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6 questions with JWRC Champ Jan Solans

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Spanish rally driver Jan Solans hails mentor Sainz after junior WRC title win.

Jan Solans broke through last season with victory in the Junior World Rally Championship and the Spanish driver has revealed that rally legend compatriot Carlos Sainz was a big inspiration behind his 18-point victory over chief rival Tom Kristensson of Sweden.

The 22-year-old comes from a motorsport family and received a Junior R2 Scholarship in 2018 so he could drive a Ford Fiesta R2T the following JWRC season, in which he won in Italy and Great Britain to seal the title – two years after his brother Nil Solans did.

Here is what he had to say ahead of Rally Turkey from September 18-20 where he will line up with co-driver Mauro Barreiro in the WRC3 category:

1. What was it like to win the JWRC title?

For me, it was like a dream come true to win the Junior World Rally Championship. Winning a world championship has been one of my goals from the beginning of my motorsports career. Honestly, I didn’t expect to win the Junior WRC in my first year. In the WRC you normally need a lot of experience to be successful, so winning in my first year was unexpected.

2. Did your brother Nil play a big part in your entry into the rallying world?

I have a really good relationship with Nil and he has always been my teacher. He’s older than me, so he has more experience. He has competed in the Junior WRC for three years, so he knows perfectly how the championship works and what must be done to achieve success. I’m really grateful for his help and everything he has done for me.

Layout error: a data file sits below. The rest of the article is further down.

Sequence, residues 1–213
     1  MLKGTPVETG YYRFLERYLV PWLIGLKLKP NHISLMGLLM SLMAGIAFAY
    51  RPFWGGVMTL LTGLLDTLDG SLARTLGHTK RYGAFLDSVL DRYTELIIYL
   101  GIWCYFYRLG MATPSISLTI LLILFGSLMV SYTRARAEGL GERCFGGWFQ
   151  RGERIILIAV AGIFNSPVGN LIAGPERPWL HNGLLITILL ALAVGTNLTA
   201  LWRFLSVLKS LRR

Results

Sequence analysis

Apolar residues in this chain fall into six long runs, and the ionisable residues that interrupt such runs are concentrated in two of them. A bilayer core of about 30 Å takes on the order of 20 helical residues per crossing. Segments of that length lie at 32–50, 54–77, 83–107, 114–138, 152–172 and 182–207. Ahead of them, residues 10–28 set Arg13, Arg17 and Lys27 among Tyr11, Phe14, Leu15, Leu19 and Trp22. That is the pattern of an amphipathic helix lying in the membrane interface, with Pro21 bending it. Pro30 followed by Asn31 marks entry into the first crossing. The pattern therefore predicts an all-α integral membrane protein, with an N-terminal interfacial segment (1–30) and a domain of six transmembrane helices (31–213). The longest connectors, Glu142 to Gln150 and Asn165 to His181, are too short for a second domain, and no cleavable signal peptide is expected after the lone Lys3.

3. Was there sibling rivalry growing up or even now you are both in your twenties?

With Nil, there has never been rivalry between us. In rallies, you mainly compete against the clock rather than against other drivers. Even so, in the rallies we have both competed in we always help each other with pace notes and places where we need to take care. We’re always in touch and trying to help each other.

4. Were you gripped the moment you tried rallying and how young were you?

My family has always been involved in the world of motorsport. Since I was a child I always wanted to compete in rallying. However, in Spain, you must be 18 and have a driving licence to compete. I started out with karting, then in autocross with a cross kart. I won the Junior Cross Kart Spanish Championship then – when I was 18 years old – I started rallying with Mitsubishi and Repsol, and have been going step by step since then.

5. You did a lot of co-driving initially. Was that a possible career course for you or simply aimed at making you a better rally driver?

At the beginning, I did some co-driving because I wasn’t yet 18. It was the best way to learn how everything about rallying works. I did some rallies as a co-driver with my brother. I think it was the best way to introduce myself into the world of rally.

6. Spain has a rich history in motorsport. Who were your driving inspirations?

Without any doubt Spain has a rich history in the world of motorsport. We have some really great icons and some really great drivers. From my point of view, Carlos Sainz was the most revolutionary. He created a lot of impact around the world – he has also done a lot for the Spanish sport. Now we have Dani Sordo, another talented driver that I really appreciate. We also have Fernando Alonso in Formula One.